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Paddy Wainburranga Fordham


Skin name: Wainburranga
Moiety: Dhuwa
Dreaming: Mini spirits animal (Rembarrnga mythologies)

Paddy Fordham Wainburranga was born at Bandibu, between Malnjangarnak and Bulman. Wainburranga early career was as a stockman and he worked at various cattle stations from Mataranka to Victoria River Downs, Killarney and Gorrie Station. Later Wainburranga moved to Oenpelli (now called Gunbalanya) and then to Goulburn Island. After the 1962 referendum he went to Maningrida before returning to Beswick in the 1980s. It was at Beswick that Wainburranga began bark painting.

In 1989 Wainburranga won the Memorial Award for Mawalan’s oldest son (Best artwork in open media) at the 6th National Aboriginal Art Award (now known as the National Aboriginal & Torres Strait Islander Art Award) for his piece ‘Balangialngalan Spirit’ and later in 1993 he won First Prize at the 10th National Aboriginal Art Award for his piece ‘Eagle Hawk and Crow’.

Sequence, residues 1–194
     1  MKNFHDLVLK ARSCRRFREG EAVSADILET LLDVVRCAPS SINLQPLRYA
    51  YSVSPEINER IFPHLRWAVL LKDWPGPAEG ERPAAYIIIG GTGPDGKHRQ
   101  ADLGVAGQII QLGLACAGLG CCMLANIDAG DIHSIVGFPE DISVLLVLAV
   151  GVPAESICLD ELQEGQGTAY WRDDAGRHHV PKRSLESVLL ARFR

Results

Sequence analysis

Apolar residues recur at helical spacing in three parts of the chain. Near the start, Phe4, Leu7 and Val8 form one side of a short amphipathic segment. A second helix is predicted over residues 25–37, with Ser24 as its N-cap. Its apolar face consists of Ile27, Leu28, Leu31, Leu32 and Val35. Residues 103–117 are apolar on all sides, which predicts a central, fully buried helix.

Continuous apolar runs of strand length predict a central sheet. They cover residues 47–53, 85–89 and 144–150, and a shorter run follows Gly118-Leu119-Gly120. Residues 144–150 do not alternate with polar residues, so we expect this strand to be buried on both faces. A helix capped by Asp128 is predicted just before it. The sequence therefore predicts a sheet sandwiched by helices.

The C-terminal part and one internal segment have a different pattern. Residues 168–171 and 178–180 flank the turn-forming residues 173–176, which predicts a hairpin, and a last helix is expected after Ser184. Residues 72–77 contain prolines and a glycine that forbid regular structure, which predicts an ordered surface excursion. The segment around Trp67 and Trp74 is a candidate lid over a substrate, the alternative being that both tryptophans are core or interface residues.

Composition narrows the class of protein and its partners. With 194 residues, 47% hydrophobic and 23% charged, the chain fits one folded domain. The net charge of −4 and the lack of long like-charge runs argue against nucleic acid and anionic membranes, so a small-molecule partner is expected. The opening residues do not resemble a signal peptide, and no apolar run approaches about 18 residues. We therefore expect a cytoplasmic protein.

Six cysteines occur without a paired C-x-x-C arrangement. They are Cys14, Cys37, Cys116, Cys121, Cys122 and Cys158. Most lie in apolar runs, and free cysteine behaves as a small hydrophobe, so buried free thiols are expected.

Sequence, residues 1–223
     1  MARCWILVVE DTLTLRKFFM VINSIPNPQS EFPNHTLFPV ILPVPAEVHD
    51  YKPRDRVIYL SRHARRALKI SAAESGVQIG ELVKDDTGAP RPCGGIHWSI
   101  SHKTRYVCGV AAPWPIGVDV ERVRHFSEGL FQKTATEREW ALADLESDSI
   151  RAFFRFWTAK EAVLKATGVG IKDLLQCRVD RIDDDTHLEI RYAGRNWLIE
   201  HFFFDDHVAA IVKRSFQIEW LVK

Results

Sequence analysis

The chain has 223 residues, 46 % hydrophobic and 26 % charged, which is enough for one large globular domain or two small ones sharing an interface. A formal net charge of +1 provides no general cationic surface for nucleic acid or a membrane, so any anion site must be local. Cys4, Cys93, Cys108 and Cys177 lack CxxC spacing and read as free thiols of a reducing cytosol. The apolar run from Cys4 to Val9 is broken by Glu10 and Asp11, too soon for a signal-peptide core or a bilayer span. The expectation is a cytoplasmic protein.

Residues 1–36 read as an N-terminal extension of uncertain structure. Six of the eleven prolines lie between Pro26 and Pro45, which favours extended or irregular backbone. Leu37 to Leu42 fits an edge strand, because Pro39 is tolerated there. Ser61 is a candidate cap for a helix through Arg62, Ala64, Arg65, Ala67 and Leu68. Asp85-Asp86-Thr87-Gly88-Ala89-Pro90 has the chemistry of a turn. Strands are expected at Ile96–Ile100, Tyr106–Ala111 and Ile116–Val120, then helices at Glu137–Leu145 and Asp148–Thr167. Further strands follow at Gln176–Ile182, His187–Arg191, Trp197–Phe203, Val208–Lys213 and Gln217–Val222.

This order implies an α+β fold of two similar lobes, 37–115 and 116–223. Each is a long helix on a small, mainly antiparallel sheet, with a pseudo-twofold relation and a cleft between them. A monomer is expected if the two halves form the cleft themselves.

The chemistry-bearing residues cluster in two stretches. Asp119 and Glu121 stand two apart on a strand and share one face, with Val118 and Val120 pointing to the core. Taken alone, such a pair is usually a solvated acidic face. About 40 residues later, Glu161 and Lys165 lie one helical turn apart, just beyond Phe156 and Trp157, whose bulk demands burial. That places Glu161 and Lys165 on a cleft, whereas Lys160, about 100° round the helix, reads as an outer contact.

Wainburranga was one of the artists who carved and painted ‘The Aboriginal Memorial’, an installation of 200 hollow log coffins made by artists from Arnhem Land in the late 1980s and which commemorates all the indigenous people who have died as a result of European settlement. It was first displayed at the 1988 Sydney Biennale but is now on permanent display at the National Gallery of Australia.

Wainburranga’s works have been a part of numerous group exhibitions both nationally and internationally and are held in several significant collections in Australia.